Did you make a New Year’s Resolution to write the great American novel or take up another artistic endeavor? Are you now finding yourself a month after New Years, with your goals and hopes dashed? You need a creativity pep talk. The following is a list of books designed to get you back on track, restore your enthusiasm and remind you of why you started that creative project in the first place.
DC Public Library's Celebration of Black American Cinema
30th Annual Black Film Festival
DC Public Library's Celebration of Black American Cinema
Every Tuesday at 6 p.m. in February at the Georgetown Neighborhood Library!!
Feb. 5Sorry to Bother You starring Lakeith Stanfield and Tessa Thompson. Directed by Boots Riley. 111 minutes, 2018, rated R
Feb. 12BlacKkKlansman starring John David Washington and Adam Driver. Directed by Spike Lee. 135 minutes, 2018, rated R
Do you have a passionate recycler in your house? A plant and animal enthusiast? An aficionado of the latest energy-saving efforts? Then this book list is for them. Below is a list of several fiction and non-fiction picture books for all the plant-loving young readers out there. Stories about saving the environment in China during the cultural revolution, to a determined girl in present day United States-- there's an array of books to encourage your young environmentalist on this list.
In celebration of Black History Month, distinguished historian C.R. Gibbs will deliver presentations throughout February.
The award-winning historian, humanities scholar and exhibitor of artifacts has appeared at DC Public Library since 1989. He has spoken at the Smithsonian's Anacostia Museum, Arena Stage, colleges/universities and other venues locally, nationally and internationally.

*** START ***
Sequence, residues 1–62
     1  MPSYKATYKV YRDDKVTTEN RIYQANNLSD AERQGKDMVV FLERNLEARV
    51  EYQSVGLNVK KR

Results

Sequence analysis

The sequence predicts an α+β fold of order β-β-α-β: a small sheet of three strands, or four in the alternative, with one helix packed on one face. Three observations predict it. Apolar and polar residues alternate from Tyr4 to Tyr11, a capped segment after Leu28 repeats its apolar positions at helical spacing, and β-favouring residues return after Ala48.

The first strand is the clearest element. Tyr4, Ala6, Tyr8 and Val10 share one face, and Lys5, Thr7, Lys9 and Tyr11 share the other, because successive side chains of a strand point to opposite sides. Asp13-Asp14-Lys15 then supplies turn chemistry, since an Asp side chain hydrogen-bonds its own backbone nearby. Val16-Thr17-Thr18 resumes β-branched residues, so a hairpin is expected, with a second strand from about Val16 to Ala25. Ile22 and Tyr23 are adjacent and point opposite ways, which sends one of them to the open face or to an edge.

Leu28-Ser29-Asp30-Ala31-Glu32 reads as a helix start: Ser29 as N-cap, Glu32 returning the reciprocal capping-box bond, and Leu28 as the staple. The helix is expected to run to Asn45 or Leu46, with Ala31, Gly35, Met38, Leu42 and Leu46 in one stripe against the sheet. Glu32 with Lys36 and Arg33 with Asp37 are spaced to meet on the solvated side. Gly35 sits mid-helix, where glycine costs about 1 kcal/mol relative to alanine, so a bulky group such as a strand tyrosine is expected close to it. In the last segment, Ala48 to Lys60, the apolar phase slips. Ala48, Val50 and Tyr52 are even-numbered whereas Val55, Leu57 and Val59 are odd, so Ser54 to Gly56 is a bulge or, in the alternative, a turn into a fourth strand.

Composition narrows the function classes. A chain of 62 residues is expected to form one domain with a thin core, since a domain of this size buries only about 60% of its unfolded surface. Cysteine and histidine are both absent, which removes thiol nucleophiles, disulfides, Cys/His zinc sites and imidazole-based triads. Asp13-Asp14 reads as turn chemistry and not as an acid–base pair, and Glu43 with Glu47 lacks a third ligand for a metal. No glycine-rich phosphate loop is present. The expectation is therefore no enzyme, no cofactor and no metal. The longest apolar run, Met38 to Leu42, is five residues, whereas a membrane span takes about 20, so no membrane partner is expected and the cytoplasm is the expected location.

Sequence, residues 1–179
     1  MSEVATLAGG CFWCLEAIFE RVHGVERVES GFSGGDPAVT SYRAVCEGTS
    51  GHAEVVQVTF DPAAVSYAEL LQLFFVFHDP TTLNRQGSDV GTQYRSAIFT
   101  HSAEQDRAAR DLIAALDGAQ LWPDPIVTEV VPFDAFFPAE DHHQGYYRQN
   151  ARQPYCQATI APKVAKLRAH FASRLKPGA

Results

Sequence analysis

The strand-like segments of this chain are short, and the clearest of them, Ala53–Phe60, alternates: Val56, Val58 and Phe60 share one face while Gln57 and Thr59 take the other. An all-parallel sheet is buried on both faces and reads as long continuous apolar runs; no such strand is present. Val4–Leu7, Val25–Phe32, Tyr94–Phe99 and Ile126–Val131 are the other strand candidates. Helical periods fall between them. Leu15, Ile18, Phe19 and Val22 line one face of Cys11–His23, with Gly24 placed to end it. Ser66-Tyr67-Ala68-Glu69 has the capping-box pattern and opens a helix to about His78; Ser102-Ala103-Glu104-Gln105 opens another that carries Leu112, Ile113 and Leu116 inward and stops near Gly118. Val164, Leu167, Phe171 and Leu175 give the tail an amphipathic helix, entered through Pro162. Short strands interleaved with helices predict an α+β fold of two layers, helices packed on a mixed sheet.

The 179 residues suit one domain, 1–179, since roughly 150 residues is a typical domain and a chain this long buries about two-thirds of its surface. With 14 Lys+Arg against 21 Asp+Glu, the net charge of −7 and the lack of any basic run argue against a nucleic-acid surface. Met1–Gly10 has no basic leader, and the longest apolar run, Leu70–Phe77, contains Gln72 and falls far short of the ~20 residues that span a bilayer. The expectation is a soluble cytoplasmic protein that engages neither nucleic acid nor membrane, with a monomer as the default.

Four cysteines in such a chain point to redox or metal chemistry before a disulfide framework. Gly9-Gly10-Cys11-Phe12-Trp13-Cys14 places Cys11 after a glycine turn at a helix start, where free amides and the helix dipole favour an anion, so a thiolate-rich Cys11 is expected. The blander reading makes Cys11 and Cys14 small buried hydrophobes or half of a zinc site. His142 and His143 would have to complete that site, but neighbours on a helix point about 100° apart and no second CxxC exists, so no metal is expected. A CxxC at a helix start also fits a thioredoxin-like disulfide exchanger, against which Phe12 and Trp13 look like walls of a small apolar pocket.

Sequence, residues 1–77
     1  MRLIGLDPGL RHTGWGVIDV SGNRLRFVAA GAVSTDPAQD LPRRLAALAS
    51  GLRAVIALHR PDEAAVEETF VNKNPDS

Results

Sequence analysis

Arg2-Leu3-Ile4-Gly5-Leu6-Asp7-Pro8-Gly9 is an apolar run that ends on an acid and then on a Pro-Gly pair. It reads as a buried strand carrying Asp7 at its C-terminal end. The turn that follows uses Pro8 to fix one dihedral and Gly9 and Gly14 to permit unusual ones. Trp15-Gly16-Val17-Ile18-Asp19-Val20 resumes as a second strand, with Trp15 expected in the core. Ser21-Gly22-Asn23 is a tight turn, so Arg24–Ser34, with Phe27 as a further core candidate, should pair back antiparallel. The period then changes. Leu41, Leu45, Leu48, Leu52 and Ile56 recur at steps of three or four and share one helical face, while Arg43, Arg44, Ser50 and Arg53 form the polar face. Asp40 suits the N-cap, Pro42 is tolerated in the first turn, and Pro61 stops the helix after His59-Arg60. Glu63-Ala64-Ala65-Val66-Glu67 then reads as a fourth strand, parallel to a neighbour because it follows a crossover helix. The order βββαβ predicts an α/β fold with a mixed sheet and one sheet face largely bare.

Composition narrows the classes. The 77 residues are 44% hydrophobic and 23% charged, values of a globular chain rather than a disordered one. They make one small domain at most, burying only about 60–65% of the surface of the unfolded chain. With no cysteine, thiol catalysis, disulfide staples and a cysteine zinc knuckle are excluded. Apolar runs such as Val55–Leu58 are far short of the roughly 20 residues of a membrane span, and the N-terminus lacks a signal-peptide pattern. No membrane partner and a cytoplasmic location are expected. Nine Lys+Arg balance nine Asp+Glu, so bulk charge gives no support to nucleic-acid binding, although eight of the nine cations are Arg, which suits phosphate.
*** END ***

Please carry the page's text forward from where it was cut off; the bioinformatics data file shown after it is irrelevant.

Every single reader deserves a book where they can see a reflection of themselves, regardless of race, sexuality, creed and many other factors. While some take their time, many kids and tweens discover their sexuality and gender identity early on. Although we can always use more, books about queer kids and tweens are published more frequently than in years past. Below are eight recent novels for middle graders where the main character is queer. The final three books on this list are about transgender individuals.
I have loved reading young adult contemporary novels for a long time and discovering characters whose life experiences, interests and stories are similar to mine. However, only ever consuming books about people like me isn’t always the most fulfilling. Reading about characters from different cultural, religious, and racial backgrounds than mine provides insight into what their lives are like. Moreover, it’s essential to read diverse books in order to help us develop understanding and respect for other people.
Magical realism, a genre of narrative fiction that is frequently associated with Latin-American literature, is something I have loved since I was a teenager. For those who are unfamiliar with the term, magical realism stories are often set in realistic places with bits of magic sprinkled throughout. I started off reading magical realism for adults, and some of my favorite authors include Jonathan Safran Foer, Sarah Addison Allen and Zadie Smith.
It is time again for the Georgetown Book Club to add to its reading list.
If you are a current or prospective member, please review the titles listed below and vote in the poll at the bottom of this post.
The poll will close on Monday, March 12 at 5 p.m., and the five titles with the most votes will be added to the group's reading list.
The choices are: